19. Have you followed all the steps of the Human Interface Guidelines (HIG).
  20. Trial versions of app are not supported make sure that our application is not a trial version.
  21. If your application makes use of any hardware unauthorized by apple then your app will be rejected.
  22. Your app should not contain a runtime plugins, or interpreted code layer.
  23. Turn off all the NSLog in the application.
  24. In case if a new version is introduced with the new design then in that case you have to change the screen shots of the application which was previously submitted to the app store with the new design interface of your application.
  25. In case you app is a medical app then you must fulfill any applicable regulatory requirements, including full compliance with all applicable laws, regulations, and policies related to the manufacturing, marketing, sale and distribution of Your Application in the United States, and in particular the requirements of the U.S. Food and Drug Administration ("FDA").
  26. If you are submitting a new version then in that case make sure that the bundle version of your application is greater than 1.0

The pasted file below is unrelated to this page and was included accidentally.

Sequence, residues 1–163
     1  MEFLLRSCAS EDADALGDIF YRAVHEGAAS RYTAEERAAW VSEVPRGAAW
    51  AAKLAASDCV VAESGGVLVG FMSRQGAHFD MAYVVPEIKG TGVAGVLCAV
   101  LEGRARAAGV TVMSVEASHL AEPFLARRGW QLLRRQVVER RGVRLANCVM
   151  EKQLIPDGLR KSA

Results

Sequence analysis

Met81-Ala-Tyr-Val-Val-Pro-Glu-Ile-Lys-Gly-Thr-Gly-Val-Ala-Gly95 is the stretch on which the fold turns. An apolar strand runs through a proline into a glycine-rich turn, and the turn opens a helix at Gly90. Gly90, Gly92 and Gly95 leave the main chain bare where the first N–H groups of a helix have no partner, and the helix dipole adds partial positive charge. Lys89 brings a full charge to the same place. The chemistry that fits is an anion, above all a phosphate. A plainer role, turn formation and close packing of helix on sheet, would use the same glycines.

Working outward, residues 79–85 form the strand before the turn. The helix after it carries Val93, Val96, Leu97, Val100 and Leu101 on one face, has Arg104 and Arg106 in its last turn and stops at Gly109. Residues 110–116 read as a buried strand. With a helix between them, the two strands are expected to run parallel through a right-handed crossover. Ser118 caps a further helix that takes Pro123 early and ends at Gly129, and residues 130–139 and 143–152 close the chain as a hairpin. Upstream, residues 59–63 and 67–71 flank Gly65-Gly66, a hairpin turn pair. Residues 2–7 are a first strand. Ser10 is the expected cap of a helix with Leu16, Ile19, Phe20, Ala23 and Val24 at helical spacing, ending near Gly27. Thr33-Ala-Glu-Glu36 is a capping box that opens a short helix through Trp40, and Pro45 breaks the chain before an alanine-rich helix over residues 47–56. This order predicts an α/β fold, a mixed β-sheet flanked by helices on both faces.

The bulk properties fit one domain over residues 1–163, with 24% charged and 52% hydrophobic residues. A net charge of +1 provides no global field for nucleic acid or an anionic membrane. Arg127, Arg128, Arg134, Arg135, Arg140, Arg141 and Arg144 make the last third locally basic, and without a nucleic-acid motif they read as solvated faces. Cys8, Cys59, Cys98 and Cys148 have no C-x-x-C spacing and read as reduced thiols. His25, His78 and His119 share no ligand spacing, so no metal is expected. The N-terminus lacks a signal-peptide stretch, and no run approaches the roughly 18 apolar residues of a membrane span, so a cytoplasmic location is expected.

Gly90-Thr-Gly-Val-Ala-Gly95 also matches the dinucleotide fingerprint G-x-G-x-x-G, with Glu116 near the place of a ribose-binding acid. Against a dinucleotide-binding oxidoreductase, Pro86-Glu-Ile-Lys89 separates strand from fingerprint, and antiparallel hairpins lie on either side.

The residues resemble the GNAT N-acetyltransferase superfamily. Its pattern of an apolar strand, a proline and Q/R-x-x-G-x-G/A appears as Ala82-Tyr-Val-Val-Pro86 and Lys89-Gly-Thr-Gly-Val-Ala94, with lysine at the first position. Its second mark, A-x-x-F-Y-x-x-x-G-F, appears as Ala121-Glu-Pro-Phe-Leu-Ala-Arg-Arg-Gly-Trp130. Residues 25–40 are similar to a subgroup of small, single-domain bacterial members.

Tips2Code: Many developers come across crashes which they are unable to locate then in that case i would suggest to run the application by selecting profile from the xcode menu which will enable the instruments and from the instruments list select the Zombies, which will give you exact details why your app is crashing.

- Avoid using loops for doing simple stuff.

- Make use of switch case in place of if..else

- Use core data and not sqlite for database coding as core data is way to simpler as compared to sqlite.

- JSON is a blessing in case of webservice and faster.

- Unit test the module yourself and then confirm it. In short test the app like  user and not like a developer.

- Follow MVC module as it simplifies lots of task in your project.

- In case if you have done a major task then prepare a library for the same which can be reused by other developers.

- Release all your objects in dealloc but if an object is local then release it then and their don't make it global.

- If you are releasing some view like the map or the picker, table view then make its delegate and datasource method nil.

- Do not release an IBOutlet it is handled by the xcode itself, if you do you will get a memory warning their saying that incorrect reference counting which will lead to crash.


I hope that the above check list helps you by preventing rejection of your precious iPhone application.

Happy iCoding and have a great Day.
Radix